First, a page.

Fly the Red Ensign for Merchant Navy Day

Seafarers UK is calling on flagpole owners across the UK to support the charity’s annual ‘Fly the Red Ensign for Merchant Navy Day’ campaign.

With no public flag-hoisting ceremonies being encouraged this year due to the Covid-19 pandemic, Seafarers UK is asking local authorities, councils, businesses and organisations with flagpoles at their headquarters or other premises to fly a Red Ensign on 3 September.

Last year, a Red Ensign was flown at more than 1,000 locations, including 10 Downing Street, generating a huge volume of social media activity. In Scotland, Merchant Navy Day is deemed to be a national flag-flying day – and across the UK, there are no restrictions on when or where a Red Ensign may be flown ashore.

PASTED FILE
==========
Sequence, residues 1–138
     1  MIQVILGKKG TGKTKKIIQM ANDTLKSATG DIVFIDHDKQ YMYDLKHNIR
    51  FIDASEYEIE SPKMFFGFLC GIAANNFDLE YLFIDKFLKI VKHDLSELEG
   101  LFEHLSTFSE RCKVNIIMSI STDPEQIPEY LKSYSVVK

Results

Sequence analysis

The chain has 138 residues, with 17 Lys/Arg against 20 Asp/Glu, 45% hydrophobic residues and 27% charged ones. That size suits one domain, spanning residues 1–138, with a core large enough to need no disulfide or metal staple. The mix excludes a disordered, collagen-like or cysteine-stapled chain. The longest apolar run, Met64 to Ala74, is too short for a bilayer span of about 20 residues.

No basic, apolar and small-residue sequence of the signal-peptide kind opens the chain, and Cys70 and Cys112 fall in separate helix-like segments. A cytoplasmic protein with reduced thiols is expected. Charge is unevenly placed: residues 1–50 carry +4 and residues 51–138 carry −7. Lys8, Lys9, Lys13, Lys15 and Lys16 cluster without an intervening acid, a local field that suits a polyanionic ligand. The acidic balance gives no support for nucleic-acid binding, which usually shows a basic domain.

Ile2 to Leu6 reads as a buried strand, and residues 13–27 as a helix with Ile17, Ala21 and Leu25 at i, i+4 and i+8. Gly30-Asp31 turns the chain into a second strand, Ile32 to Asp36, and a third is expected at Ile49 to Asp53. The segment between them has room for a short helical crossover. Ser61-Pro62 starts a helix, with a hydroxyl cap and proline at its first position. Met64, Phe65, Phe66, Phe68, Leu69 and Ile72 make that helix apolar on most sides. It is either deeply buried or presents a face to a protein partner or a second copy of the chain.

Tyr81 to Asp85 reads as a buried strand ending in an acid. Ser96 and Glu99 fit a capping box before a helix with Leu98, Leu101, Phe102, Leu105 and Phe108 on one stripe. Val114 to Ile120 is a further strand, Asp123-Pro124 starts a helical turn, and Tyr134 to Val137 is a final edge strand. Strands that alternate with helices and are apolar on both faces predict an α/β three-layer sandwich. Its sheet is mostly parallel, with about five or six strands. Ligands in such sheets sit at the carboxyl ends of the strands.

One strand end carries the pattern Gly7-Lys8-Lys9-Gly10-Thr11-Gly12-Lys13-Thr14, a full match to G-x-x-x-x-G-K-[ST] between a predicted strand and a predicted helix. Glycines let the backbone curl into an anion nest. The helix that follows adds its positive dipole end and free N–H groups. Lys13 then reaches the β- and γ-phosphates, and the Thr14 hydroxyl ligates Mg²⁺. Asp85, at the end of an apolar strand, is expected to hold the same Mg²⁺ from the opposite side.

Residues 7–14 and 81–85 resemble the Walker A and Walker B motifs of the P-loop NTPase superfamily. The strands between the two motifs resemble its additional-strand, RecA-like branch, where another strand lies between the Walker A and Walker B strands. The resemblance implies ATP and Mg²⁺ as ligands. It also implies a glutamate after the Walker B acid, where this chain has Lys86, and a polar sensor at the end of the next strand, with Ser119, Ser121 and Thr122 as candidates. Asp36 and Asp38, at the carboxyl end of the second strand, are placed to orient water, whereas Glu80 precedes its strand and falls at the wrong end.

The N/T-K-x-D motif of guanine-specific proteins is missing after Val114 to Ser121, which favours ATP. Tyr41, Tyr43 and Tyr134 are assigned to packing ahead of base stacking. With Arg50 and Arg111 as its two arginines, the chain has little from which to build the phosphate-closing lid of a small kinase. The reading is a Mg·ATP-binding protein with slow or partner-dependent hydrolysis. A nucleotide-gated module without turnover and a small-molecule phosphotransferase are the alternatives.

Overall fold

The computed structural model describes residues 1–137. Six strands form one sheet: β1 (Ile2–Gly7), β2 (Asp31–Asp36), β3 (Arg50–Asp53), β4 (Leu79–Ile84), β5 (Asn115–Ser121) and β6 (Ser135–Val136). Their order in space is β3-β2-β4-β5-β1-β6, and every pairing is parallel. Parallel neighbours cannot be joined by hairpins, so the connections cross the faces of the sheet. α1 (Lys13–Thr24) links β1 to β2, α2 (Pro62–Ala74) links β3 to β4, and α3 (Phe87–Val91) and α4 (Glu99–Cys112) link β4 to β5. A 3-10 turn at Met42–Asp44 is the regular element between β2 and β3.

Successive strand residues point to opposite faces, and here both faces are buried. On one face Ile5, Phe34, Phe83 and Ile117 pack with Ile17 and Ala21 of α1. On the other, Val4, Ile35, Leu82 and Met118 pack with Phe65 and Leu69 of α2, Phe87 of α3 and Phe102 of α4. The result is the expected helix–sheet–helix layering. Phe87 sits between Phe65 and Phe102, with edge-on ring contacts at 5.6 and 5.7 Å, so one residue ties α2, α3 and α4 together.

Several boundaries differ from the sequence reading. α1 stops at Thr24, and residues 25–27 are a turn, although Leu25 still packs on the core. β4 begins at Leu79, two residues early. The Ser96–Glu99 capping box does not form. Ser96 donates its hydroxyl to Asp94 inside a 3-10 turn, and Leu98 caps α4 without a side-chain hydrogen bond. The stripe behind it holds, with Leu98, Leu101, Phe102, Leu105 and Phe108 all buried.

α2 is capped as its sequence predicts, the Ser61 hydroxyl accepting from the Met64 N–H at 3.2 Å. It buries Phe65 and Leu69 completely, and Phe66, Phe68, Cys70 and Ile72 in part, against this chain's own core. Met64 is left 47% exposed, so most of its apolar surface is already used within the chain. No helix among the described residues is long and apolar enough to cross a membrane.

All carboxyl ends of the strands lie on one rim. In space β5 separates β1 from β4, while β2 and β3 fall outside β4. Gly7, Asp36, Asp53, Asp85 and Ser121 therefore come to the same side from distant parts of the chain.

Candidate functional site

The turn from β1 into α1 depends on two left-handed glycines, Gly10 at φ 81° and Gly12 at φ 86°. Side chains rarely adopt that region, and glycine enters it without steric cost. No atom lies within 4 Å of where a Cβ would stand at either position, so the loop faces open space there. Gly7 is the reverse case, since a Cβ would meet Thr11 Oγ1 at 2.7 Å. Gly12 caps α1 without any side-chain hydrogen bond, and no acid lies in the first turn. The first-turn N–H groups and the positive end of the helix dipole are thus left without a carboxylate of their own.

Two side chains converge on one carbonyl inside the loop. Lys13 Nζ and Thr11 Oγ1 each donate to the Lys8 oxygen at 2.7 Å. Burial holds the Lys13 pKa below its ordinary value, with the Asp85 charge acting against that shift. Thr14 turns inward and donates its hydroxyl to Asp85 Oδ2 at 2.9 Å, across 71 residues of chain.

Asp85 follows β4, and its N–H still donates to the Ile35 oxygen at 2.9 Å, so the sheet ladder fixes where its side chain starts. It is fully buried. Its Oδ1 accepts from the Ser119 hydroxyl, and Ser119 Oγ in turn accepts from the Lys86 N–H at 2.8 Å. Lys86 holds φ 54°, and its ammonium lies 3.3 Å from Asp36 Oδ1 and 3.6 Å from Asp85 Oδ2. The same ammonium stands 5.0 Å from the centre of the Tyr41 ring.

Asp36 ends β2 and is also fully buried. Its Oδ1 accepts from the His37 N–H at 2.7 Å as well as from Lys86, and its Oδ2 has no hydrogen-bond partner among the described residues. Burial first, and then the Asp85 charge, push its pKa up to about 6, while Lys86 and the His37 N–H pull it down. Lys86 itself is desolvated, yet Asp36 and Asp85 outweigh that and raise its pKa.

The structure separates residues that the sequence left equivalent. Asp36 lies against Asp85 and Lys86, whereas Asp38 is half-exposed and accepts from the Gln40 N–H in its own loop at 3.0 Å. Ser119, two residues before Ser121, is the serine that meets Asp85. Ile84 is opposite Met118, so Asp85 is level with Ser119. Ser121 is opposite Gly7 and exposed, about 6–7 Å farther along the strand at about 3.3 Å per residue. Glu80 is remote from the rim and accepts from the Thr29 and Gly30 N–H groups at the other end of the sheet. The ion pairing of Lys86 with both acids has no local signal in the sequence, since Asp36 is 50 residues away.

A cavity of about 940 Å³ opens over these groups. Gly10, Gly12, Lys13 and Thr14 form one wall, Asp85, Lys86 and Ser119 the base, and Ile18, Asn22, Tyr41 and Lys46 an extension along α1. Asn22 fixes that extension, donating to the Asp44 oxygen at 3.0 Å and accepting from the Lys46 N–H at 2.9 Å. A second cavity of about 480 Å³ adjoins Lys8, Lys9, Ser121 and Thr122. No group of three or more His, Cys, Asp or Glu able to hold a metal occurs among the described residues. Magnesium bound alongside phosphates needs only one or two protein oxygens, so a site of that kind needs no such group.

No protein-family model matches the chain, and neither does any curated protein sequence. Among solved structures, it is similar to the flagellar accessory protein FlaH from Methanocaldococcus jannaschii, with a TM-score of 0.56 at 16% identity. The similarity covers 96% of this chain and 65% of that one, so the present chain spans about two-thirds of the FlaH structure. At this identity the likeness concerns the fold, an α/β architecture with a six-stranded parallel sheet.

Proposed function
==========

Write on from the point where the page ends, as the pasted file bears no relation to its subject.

Despite the wide-ranging impacts of Covid-19, merchant seafarers have been working hard to keep the UK supplied with food, fuel, medicines and other essential goods, says Seafarers UK. But despite being recognised by some governments as key workers, most seafarers are still being prevented from disembarking in many ports on global trade routes.

Tens of thousands of seafarers have been compelled to keep working after their contracts end, as replacement crews are unable to leave their home countries to resume working at sea. The impacts on ‘stranded’ seafarers are inevitable, including ill health, anxiety and poverty.

The symbolic act of flying the British merchant navy’s official flag ashore therefore provides a timely opportunity to raise public awareness of our maritime nation’s ongoing dependence on merchant seafarers, says Seafarers UK.

A guide to supporting the campaign can be downloaded from: bit.ly/2YdoRWb

All participants who register online will be added to the charity’s roll of honour, and will be sent a commemorative certificate.

Since 2000, Merchant Navy Day on 3 September has honoured the men and women who kept our island nation afloat during the two world wars, and celebrated our dependence on modern-day merchant seafarers, who are responsible for over 90% of the UK’s imports, including almost half of the food we eat.

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